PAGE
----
We should remember that two thousand years ago the sentence of crucifixion was the punishment handed out to persons of the Roman Empire who had been involved in some traitorous or violent antigovernment activity. Ordinary thieves, for example, did not merit that sadistic punishment of political crimes. So the dramatic touch of three crosses on the apex of a hill with Jesus, the personification of the Life Principle, in the center carried coded meaning to those who shared secret ancient teachings; the alleged scene did not adhere to standard procedures.

In the passion drama of the Christian crucifixion it is related that Jesus was crucified between two thieves. The book of Matthew 27:38 relates, “Then there were two thieves crucified with him, one on the right hand, and another on the left.” In the later book of Saint John 19:18 it is explained, “Where they crucified him, and two others, with him, on either side one, and Jesus in the midst…” Note: The two are called “thieves” here. In Greek texts, we should note, the men on each side of Jesus were described as lestai, which means “thugs” or “brigands”—or what we might think of as resistance fighters. This certainly makes it sound more politically authentic, but despite the more plot-worthy Greek version the fact remains that no official records of such a happening have ever been found. On the other hand, official record offices were often burned down in the many Jewish rebellions.

As the drama is traditionally accepted, the question of who was really responsible for the execution of Jesus hangs uncertainly between the Romans and the Jews. Crucifixion was the Roman method of disposing of political rebels, but Pontius Pilate washed his hands of the setup. The argument is put forth by some that Jesus was associated with Zealots who rejected Roman rule: the Zealots were indeed most emphatic that they did not recognize the legitimacy of Herod-appointed priests serving in the Temple of Solomon. So the blame for the death sentence is (conveniently) a toss-up. And where did the tradition of three crosses at one specific hilltop on Earth originate? Gospel accounts of Mark, Matthew and John provide differing and very few details much like a passion play formula, and, as pointed out, two common thieves (or even lestai) would not be crucified, which was primarily the punishment for political activists against the Roman government. There was in these sparse story elements an extremely important message to those who had privileged access to knowledge taught in mystery schools of that timeframe which explained the involving energy processes of Creation. Knowing the ancient teachings that were once given with constellation illustrations explains why Jesus, the Life Principle, was portrayed as telling only one of the “thieves” that he would enter Heaven with him. Luke 23:43 tells us that Jesus told the thief on his right, “This day shalt thou be with me in Paradise.”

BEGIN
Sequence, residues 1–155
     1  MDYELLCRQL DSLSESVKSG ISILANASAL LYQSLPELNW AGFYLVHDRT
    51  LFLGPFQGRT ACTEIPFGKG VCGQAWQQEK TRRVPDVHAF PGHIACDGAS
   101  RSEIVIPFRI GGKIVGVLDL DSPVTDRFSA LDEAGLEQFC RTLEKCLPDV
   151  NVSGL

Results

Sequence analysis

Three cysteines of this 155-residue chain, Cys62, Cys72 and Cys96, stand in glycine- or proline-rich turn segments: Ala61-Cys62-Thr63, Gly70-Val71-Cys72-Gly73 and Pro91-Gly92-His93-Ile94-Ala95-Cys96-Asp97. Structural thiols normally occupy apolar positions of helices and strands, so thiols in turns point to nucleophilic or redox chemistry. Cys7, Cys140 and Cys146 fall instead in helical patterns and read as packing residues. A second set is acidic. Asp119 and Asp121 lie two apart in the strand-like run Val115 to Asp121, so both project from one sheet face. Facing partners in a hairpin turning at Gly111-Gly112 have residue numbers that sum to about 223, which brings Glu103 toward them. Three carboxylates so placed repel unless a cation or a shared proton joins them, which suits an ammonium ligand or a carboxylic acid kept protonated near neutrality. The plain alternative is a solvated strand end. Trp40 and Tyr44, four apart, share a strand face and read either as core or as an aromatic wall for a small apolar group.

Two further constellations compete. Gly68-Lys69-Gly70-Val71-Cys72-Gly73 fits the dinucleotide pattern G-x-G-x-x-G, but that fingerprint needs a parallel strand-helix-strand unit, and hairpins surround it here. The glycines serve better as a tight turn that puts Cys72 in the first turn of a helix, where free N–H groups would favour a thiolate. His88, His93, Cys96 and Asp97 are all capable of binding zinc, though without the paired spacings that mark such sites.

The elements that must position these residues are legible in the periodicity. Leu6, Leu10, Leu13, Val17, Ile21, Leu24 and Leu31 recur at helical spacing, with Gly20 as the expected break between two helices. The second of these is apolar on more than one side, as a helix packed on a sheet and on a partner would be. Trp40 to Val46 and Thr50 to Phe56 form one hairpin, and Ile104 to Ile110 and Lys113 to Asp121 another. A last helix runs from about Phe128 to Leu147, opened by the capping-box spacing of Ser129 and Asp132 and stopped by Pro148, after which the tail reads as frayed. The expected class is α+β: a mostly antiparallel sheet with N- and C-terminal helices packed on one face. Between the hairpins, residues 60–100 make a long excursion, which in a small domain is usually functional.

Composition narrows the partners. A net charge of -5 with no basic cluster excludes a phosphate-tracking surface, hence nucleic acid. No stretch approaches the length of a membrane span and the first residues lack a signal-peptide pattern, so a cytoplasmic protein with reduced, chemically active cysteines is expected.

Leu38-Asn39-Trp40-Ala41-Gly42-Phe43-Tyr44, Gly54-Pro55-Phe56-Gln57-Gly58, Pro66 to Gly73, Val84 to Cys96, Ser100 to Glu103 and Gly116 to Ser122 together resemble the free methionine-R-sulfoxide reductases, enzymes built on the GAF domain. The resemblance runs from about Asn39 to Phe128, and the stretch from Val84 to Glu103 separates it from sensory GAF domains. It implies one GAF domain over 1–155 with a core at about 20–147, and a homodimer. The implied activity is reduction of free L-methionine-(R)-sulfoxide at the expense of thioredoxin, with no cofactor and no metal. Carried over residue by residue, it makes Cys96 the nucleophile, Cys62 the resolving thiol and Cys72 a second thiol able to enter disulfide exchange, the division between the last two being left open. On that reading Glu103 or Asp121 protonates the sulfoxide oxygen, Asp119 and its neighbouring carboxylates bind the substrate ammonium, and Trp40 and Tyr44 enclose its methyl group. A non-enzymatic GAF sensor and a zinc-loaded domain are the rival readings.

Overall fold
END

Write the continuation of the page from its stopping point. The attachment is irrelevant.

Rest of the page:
In this Christianized version refashioned from prehistory teachings, Jesus personifies the Life Principle; thus the “thief” on his left represents the involving primal elements which amass into defined energy-as-matter-form, and the “thief” on the right represents the transcendence of those creative energies into higher frequency dimensions: hence the “thief” on his right would “enter Heaven.” This is the Life Principle speaking to the evolutionary side of the Creation process. If this is not true then it means that the savior was guilty of dispensing conditional love, and that is not considered to be a divine attribute! From this manufactured holy account, however, the faith system acquired another “saint,” and the so-called “good thief” is addressed as “Saint Dismas.”